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GCB Digest Fall 2009 (Text Version)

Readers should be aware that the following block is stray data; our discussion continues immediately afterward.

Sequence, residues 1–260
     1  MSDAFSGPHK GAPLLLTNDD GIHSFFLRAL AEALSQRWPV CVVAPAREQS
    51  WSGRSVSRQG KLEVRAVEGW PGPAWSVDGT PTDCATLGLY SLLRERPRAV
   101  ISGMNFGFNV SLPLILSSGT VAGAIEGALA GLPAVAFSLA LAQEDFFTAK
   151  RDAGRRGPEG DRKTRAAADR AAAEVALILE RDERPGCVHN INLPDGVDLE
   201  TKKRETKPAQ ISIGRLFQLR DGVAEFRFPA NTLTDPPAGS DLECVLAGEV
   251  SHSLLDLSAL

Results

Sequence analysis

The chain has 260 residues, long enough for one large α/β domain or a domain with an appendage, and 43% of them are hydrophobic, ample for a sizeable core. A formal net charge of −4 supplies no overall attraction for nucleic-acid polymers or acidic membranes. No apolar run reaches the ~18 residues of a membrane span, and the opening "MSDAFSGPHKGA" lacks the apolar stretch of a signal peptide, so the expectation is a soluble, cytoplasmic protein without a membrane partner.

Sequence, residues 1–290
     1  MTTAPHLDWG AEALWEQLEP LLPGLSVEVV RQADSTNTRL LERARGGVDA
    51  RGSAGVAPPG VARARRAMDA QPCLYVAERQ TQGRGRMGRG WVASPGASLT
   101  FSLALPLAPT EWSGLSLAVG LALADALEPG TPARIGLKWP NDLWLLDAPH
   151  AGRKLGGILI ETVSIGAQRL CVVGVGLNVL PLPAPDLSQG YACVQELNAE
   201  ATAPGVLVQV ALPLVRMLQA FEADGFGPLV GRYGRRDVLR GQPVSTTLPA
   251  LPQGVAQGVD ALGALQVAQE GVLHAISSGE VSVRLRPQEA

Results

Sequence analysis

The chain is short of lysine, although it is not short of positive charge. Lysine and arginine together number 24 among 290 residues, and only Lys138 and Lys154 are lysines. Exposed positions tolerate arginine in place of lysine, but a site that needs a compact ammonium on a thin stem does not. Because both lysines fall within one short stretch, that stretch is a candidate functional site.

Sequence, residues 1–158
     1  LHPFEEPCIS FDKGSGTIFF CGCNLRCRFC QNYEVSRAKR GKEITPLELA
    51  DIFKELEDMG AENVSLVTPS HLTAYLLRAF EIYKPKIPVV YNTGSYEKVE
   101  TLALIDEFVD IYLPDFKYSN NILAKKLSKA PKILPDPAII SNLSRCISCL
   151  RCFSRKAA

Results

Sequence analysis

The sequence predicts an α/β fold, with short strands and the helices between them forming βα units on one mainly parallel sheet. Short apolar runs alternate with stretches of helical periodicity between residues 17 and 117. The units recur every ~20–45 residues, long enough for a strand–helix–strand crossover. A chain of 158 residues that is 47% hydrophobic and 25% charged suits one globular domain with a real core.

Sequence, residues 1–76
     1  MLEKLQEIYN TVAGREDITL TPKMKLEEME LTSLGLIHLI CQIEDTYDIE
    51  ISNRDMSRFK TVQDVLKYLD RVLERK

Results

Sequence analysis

DIGEST A Publication of the GEORGIA COUNCIL OF THE BLIND An Affiliation of the AMERICAN COUNCIL OF THE BLIND An organization promoting a Hand Up, Not a Hand Out! Summer/Fall, 2009 President: Alice Ritchhart 125 Willow Pond Way Brunswick, GA 31525 912-261-9833, Toll Free: 877-667-6815 E-Mail: alice.ritchhart@comcast.net Editor: Ann Sims, 3361 Whitney Avenue Hapeville, GA 30354, 404-767-1792 E-Mail, teacherann@bellsouth.net Assistant Editor: Jerrie Ricks, 1307 Chester Place McDonough, GA 30252, 770-898-9036; E-Mail, jerrie_ricks@bellsouth.net GCB Webmaster: Steven Longmire Sunbright Consulting at info@sunbright.biz GCB Web Site: www.georgiacounciloftheblind.org TABLE OF CONTENTS President’s Message: Alice Ritchhart Press Release Regarding Need for a Commission for the Blind Part 2: Membership is the Backbone of The Georgia Council of the Blind: By William K. (Bill) Holley, Jr Blind Grandmother Goes Backpacking With Lamas in the Colorado Rockies: Contributed by Judy Presley Georgia Statewide Coalition on Blindness Meeting Announcement and Agenda CHAPTER ROUNDUP ANNOUNCEMENTS ***************************** PRESIDENT’S MESSAGE By Alice Ritchhart It has been a very busy summer, and I hope you all found some time to relax and spend time in the sun with family and friends. For me, attending the national and state conventions is not just hard work, but is also the way I relax and share time with friends that I only get to see once a year. The joint effort of working and relaxing at conventions always seems to rejuvenate me. My experience with this year’s conventions has proved to be equally beneficial. At the national convention, I attended an enjoyable GDUI reception where I participated as a contestant on Name That Tune. I won some prizes at RSVA (Randolph Shepard Venders of America) casino night and even took part in the Watermelon 5 K run. The watermelon was great!!! On a more serious note, I was able to receive information about what is happening at the national level with ACB that has an impact on all of us. One of the issues was the accessible money law suit which is moving forward even though it is a slow process. We also were told about how the NFB and ACB are working together on two very important issues: the Pedestrian Safety Act and a law suit against Arizona State University and their using the Kendall for all school textbooks. This practice, of course, is a real problem for the blind and low vision students because of the Kendall’s inaccessibility. Another important issue that was brought to our attention involved the action that the Department of Transportation wants to take in closing our vending establishments at highway rest areas, and giving the business to commercial venders such as Burger King, McDonalds, etc. This would give the DOT funds for highway repair, but at the same time, would eliminate jobs of many blind individuals across the country. This can and may be already happening right here in Georgia. Finally at the national level we had heard before convention that several states were planning to close their schools for the blind. Unfortunately while at convention Oregon did close its doors, but Illinois and North Carolina were able to get a reprieve. Our president, Mitch Pomerantz, has formed a task force to work on the school for the blind issue. After returning home I was lucky to see many of you at the state convention. It was our first one- day event and was quite busy, but we still found a little time for fun. Some of our members arrived early and took part in the midnight run beep baseball game. Others stayed to take part in the run itself. I enjoyed our silent auction where once again I did battle with Kay McGill for the perfect stuffed animal. Kay, I am happy to say, is the owner of a cute, ugly little dog. At our state convention, I had the privilege of presenting a charter to our newest state affiliate, West Atlanta. Welcome aboard! We know this chapter will achieve great things! It was also great to see all the chapters recognize some of their special members with certificates and loving cups. Congratulations to all the winners. Also congratulations to Desma Pike for winning the Rhoda Walker Award. We gave a special President’s Diamond Award to our Superintendent of State Schools, Kathy Cox, for her support and commitment to our schools for the blind and deaf in Georgia. She did ask for our help though, and we need to give it to her. Many of you know that she won a million dollars on “Are You Smarter Than a Fifth Grader” television program which she promised to the school for the deaf and the Academy for the Blind. Due to her husband having to declare bankruptcy, however, the state auditor who oversees bankruptcy issues in Georgia is refusing to let go of this money. We certainly think this is wrong. We need to call and let him know this money needs to be given to the schools as was Kathy Cox’s intention. Finally let me say we did hold a legislative caucus this year for the purpose of educating our legislators about our need for a special Commission for the Blind. Even though the number of legislators present was few, I believe the event was successful and that this truly could be our year to get a Commission. In this digest find a press release that was done by Senator Jeff Chapman of the third district about the caucus. Also please know that if we are to get a Commission, we must be diligent and push our legislators to support such legislation and pass it. With this important matter in mind, please plan to spend time with me at the Capitol this coming January. I am counting on your support as we meet significant challenges this new year. ***************************** PRESS RELEASE Senate Press OfficeFor Immediate Release: August 24, 2009 For Information Contact: Natalie Strong, Deputy Director Natalie.strong@senate.ga.gov 404-656-0028 Sen. Chapman Attends Meeting Held by Georgia Statewide Coalition for the Blind ATLANTA (August 24, 2009) - State Sen. Chapman (R-Brunswick) attended a meeting at the State Capitol hosted by the Georgia Statewide Coalition for the Blind to learn more about the need for a Commission for the Blind and Visually Impaired. Speakers at the event included Commissioner James Kirby of the South Carolina Commission for the Blind and Don Harland, a Georgia resident who served as a former Commissioner for the New Mexico Commission for the Blind. "I believe that the Georgia Coalition for the Blind is taking a logical approach toward bettering the support and services for Georgia's blind and visually impaired residents by creating a separate Commission for the Blind," said Senator Chapman. "I hope that this cause will receive reasonable consideration by the General Assembly during the upcoming session." By establishing a separate commission, the Georgia Statewide Coalition for the Blind hopes to advocate for the special needs of the blind community, educate the blind on the services offered to them by the state as well as the public on the unique needs of the visually impaired, and serve as a platform to integrate the blind into the general population to increase employment opportunities. "This Commission is a win-win situation for Georgia because it will give blind and visually impaired citizens the tools to give back in a tremendous way within their communities," said Don Harland, a former Commissioner of the New Mexico Commission for the Blind. "It is time that Georgia takes this important step by supporting a Commission for the Blind, as so many other states have already done." Currently, services for the blind and visually impaired are handled through the Department of Rehabilitation Services which operates five integrated and interdependent programs that share the primary goal to help people with disabilities to become fully productive members of society by achieving independence and meaningful employment. ****************************** Part 2 Membership is the Backbone of The Georgia Council of the Blind By William K. (Bill) Holley, Jr Part 2 provides suggested action steps to accomplish growth and development in the Georgia Council of the Blind. The stated purpose of the Georgia Council of the Blind (GCB), is to strive to elevate the social, economic, and cultural levels of the blind. GCB has assisted individuals with visual impairments by improving education, rehabilitation, and increasing vocational opportunities over the past 40 years. The major service provided by GCB is peer support by using self-advocacy techniques. As stated in the purpose, peer support is an important part of GCB as it encourages and assists the blind in developing their abilities and potential to become independent and responsible citizens in their communities. In consideration of our purpose, can the current GCB membership honestly state its intention to assist 285,000 individuals with vision loss in the state of Georgia? If we are serious about the purpose, who are the peer supporters? I would like to suggest that each one of the 267 GCB members becomes a peer supporter. I further suggest that each GCB member starts out by advocating for himself. Yes, self-advocacy is the major ingredient necessary for the future growth and development of GCB. In our visitations to ten (10) of the thirteen (13) chapters affiliated with GCB which included Athens, Bainbridge, Chattooga, East Georgia, Greater Columbus, Greater Hall, Macon, Metro Atlanta, Rome/Floyd, and Stephens chapters, problems and issues were centered around: 1. Transportation (services both public and private) 2. Education (information, training, vocational rehabilitation, etc) 3. Health (Medicare Medicaid, insurance, medical facilities, medical professionals) 4. Volunteerism (mentoring, meetings, and support groups) 5. Employment (finance and social security) and 6. housing (reasonable accommodations, affordability). These topics of discussion are no different than the stated purpose of GCB and the concerns of the broader vision loss community. The focus of GCB must address issues affecting our membership by encouraging peer support in our affiliates and to the members at-large. GCB has a wealth of experience within the membership which can be a source of empowerment to help the members overcome many of their problems. The GCB meetings are a very important step to getting started with self-advocacy utilizing the peer support services. A major source of strength within GCB is the ability to meet, discuss, and plan strategies to address problems in the vision loss communities. These meetings are not just social events without a purpose, but are organized events that should address the newly blind as well as the individuals who are blind at birth. GCB membership should continue to address issues to educate the public about the problems associated with blindness, but should simultaneously work to demonstrate the capabilities of individuals with vision loss. In order for GCB to retain a position of strength in the vision loss/disability community, members will have to attend local chapter meetings, GCB state board meetings (open to the public), GCB state conventions, community forums, and participate in both Blind Day and Disability Day at the Capitol. Members should also support transit associations, collaborate with other organizations to support issues associated with blindness, support braille literacy, support the Commission for the Blind legislation, and create or get involved with self-advocacy groups in their individual communities. The GCB organization is dependent on the membership to survive as representatives of the vision loss community. If the GCB leadership fails in its attempts to stimulate and encourage the participation of our membership, all of the vision loss community fails. Our purpose cannot be duplicated by some other organization because of how representation is achieved. If you are interested in getting started with the growth and development of your affiliate, contact the GCB officers or visit the office at 850 Gaines School Road, Athens, Georgia 30605. ***************************** Blind Grandmother Goes Backpacking With Lamas in the Colorado Rockies Contributed by Judy Presley of Helen, Georgia Upon hearing of Trek for Light, a weeklong hike in Colorado’s Rawah Wilderness for the blind, I imagined it to be the ultimate adventure and challenge. Each blind hiker would be paired with a volunteer who would serve as a sighted guide and a pack lama. Because I love the feeling of empowerment I gain from such an adventure and challenge, I applied right away. After gaining acceptance, I immediately enlisted the services of personal trainer, Mark Wilkes of Clarkesville. I followed his instructions to the painful letter. I realized that my enjoyment of the trip depended on my level of fitness. On August 7th I met my sighted guide, Kathleen Bennett and the other fifteen participants at the Quality Inn in Fort Collins, Colorado. The next morning we were off to the lama ranch for training with our lamas. At the ranch, we learned the proper care of a lama as well as the proper way to cinch on the saddle to equally distribute the weight of the saddlebags. We then drove to a campground to learn how to set up a tent and other camping skills. The next morning we took a four hour hike up a mountain trail so as to determine if all hikers were physically fit for the trek. After many treks, the organizers have perfected a technique of guiding with a short dowel rod and hiking sticks and having the lama rope draped over the hikers opposite shoulders. The next morning we were driven ninety miles to the Rawah Wilderness trailhead. This first day proved to be the most difficult of the trek. It was an uphill climb all the way. We got a late start and did not arrive at our designated campsite until seven in the evening. We were cold and hungry, but we first had to haul water from the stream and purify it before cooking dinner. We did not have dinner until nine o’clock that night. The next morning we had a leisurely breakfast of blueberry pancakes. My sighted guide and I went to the meadow to check on our lama whose name was Little Brown Jug or L.B.J. We found L.B.J. and the other lamas happily munching on the lush grass. That day we took a day hike up to beautiful Crater Lake. The next morning we started our assent to Grassy Pass at 11,300 feet. At the beginning of the trek, we were divided up into two groups of eight people. The plan was for group one and two to meet up at Grassy Pass on Wednesday afternoon and have lunch together at the Pass. Group two did not arrive. After a leisurely lunch in the lovely mountain sunshine, we proceeded down the other side of the mountain. We camped twice more before heading for the trailhead. Later we were told that someone in group two had gotten altitude sickness and they made the decision to do only day hikes at a lower altitude before heading back to the trailhead. After leaving the trailhead we drove back to the Quality Inn for a glorious hot shower. That night we had a celebratory supper together. The next morning we departed to our different states with a feeling of exhilaration from a unique experience. I will never forget the calm serenity of that wilderness. The only sounds were the wind, the babble of mountain streams and the roar of waterfalls. I also enjoyed the lovely fragrance of juniper and lodge pole pines and the fun and laughter around a crackling campfire. One does not need sight to experience the exhilaration and beauty of hiking in the Rockies. ***************************** Georgia Statewide Coalition on Blindness Meeting Announcement Augusta, Georgia, November 14, 2009 Social get together, Friday, November 13, 2009 6:15 pm, New Ming Wah Chinese Restaurant 3415 Wrightsboro Rd Augusta, GA 30909 706-736-1701. A room is reserved for us, and we order off the menu at very reasonable rates. The restaurant is located in the parking lot of the Savannah Suites hotel. Suggested lodging: Savannah Suites -- near the Augusta mall 3421 Wrightsboro Road Augusta, Georgia 706-849-3100 Cost: $47.17 (includes tax) for two twin beds or one queen $58.49 (includes tax) for two double beds Conveniently located near the Medical College of Georgia, Augusta Mall, I-520, I-20, Fort Gordon and Downtown Augusta. -- Directions -- I-520 North, Exit 2 Wrightsboro Road turning right, hotel is on the left. The price is the same whether one or four people are in a room. There is no breakfast buffet, however, a Waffle House and a McDonald's are in the hotel parking lot. To get the listed rates, inform the reservationist you are with the Georgia Blind Coalition. VERY IMPORTANT: Contact Alice Ritchhart via email at alice.ritchhart@comcast.net, or phone, 912-996-4213 for a food head count for the Saturday coalition meeting no later than Thursday, November 5th. Interpreter services need to be requested by Monday, October 23rd. Contact Becky Sills at Rebecca.Sills@dol.state.ga.us and copy Ronni.Wilson@dol.state.ga.us to make your request. If cancellation is needed, contact Becky Sills no later than November 2nd to cancel or you will be billed for this service. Registration Cost: $10 registration for everyone which includes coffee, lunch, and snacks. Thank you to the Augusta Business Enterprise Program for providing the food and drinks. Everyone will pay $10 whether they eat or not. CASH ONLY. No checks, credit or debit cards accepted. No exceptions. Georgia Statewide Coalition on Blindness Saturday, November 14th, 2009 Veterans Affairs Blind Center Augusta, Georgia 706-733-0188 Agenda 8:30 -- 9:00, Registration 9:00 -- 9:30, Welcome and Introductions -- Kathy Segers, moderator; Deborah Lovell and Todd Turansky -- welcome to VA; Tiffany Johnston -- Walton Options; Ava Scearce -- Regional Director for Augusta region 9:30 -- 10:00, Small Business Administration presentation on entrepreneurial opportunities 10:00 -- 10:15, Jim King, new Executive Director of Savannah Association for the Blind 10:15 -- 10:35, Deaf-Blind Camp -- Bob Green Deaf-Blind Program at Georgia Academy for the Blind -- Kathy Segers 10:35 -- 10:55, Legislative update -- Alice Ritchhart 10:55- 11:15, Paul Raymond -- update on VR and OBP 11:15 -- 12:00, Panel of Blind Providers -- Presentations of new programs by BEP, GIB, SAB, CVI, VRS (formerly BLV), WO, VISTAS, and Mons 12:00 -- 1:00, Break outs (pick one) Employment -- Teresa Brenner, Kim Harrison Small Business Administration Policy -- Alice Ritchhart, Robert Smith, Stephanie Scott 1:00 -- 1:45, Lunch 1:45 -- 2:45, Tour of VA Blind Center and New technology demonstration 2:45 -- 3:00, Break and disburse to next break-out 3:00 -- 4:00, Break outs (pick one) Transportation -- Robert Smith, Alice Ritchhart Education -- Kathy Segers 4:00 -- 4:45, Report outs from Breakouts 4:45 -- 5:00, Wrap up and Reminder of Next Meeting Location: Spring 2010 in Brunswick, St. Simons, Alice will coordinate 5:00, Adjourn ****************************** CHAPTER ROUNDUP Greater Columbus Chapter, by President Jimmie Burkes The greater Columbus Chapter will sponsor a forum: How To Live Independently with a Disability. This is planned for Friday, October 2, 2009 from 10:30a.m.-4:00p.m. in the Synovus Room at the Columbus Public Library, 3000 Macon Road, Columbus, Georgia. The forum is being sponsored in celebration of White Cane Month and Disability Awareness Month. The Greater Columbus Chapter would like to thank all GCB members who participated in the raffle. The winners are as follows: The Auburn basket was won by Ms. Debbie Bailey. The Alabama basket was taken by Mr. Earl Sears, the Georgia Basket, Ms. Kathy Seagers, and the Columbus State Basket, Ms. Jodi Swavely. Catching up on the Chattooga County GCB Chapter News, Submitted by President Marsha Farrow: Meeting Place is Summerville First Baptist Church. The December meeting, 2008, was our annual Christmas for Kids! The chapter members presented several children with vision loss with gifts and also presented gifts to children of chapter members who are visually impaired. The January meeting, 2009, featured a special guest speaker from the Victorian Christmas Windows Committee who informed the members of the background of each window decoration and provided very interesting information on Christmas celebrations from other countries and traditions. This committee decorates many store front windows in downtown Summerville. The February meeting focused on new members and getting to know each other. New member, Mary Turnipseed, led a very wonderful devotion on the subject of loving one another as stated in the Bible. We were fortunate to have two guest speakers for our March meeting. The first was Teresa Pope, Chattooga County employee who informed members of the procedure for developing a chapter cookbook for local awareness of cooks who are visually impaired and for the purpose of fund raising. Ms. Pope's cookbook is being sold to raise money for the cancer fund raiser in May 2009. Next, Chattooga County Sheriff, John Everett, spoke to the members on personal and home safety and identity theft. He also shared ways of preventing being a victim of crime. Many members are utilizing Chattooga Transit for transportation to the chapter meetings and educating drivers and community leaders on the specific ways to enable more travel freedom for people with disabilities. Wendi Harkins shared the great news of her new employment as an Avon dealer. Members are also planning a gospel music fund raiser in April or May which will be hosted by Summerville First Presbyterian Church and will include many other churches who wish to participate. The music of Fannie Crosby will be featured. Mrs. Crosby deserves our remembrance of her as the wonderful song writer who was blind as an infant and whose lovely songs we still sing in worship services today. We have one new chapter, Atlanta West, with the following members: Steve and Joan Estes, Cherie Fisher, James Holland, and Gayle Morris. Welcome,! We look forward to being with you at our upcoming GCB board meeting on October 17, in Athens. We also have two new members in our Bainbridge Chapter: Patty M. Dale and Stephanie Strickland. Thank you for joining the Bainbridge Chapter and being a part of GCB. ***************************** ANNOUNCEMENTS Just Call GCB! The leaves are starting to Fall, and so its time once again to call. Beginning Thursday, October 15, 2009, we will resume our monthly membership calls. Joining us this month will be Barbara Hurst of the Southeast Regional Coastal Commission to talk about the new rural regional transit project, Southeast Coastal Coaches. She may be able to help you all to try to promote such a program in your regions. Plan to join us at 8:00 p.m., at 218-844-3388, PIN, 4228. GCB Fall Board Meeting: The next GCB board meeting will be held on Saturday, October 17, from 10:00 A.M., until 4:00 P.M., at Multiple Choices Center, 850 Gaines School Road, Athens, Georgia. It is important that each chapter and special interest affiliate representative attend this meeting. Every GCB member and other non-member guest is invited to attend. Secretary, Robin Oliver, will be sending out directions for the meeting place to your chapter president along with all the other details and the agenda. The End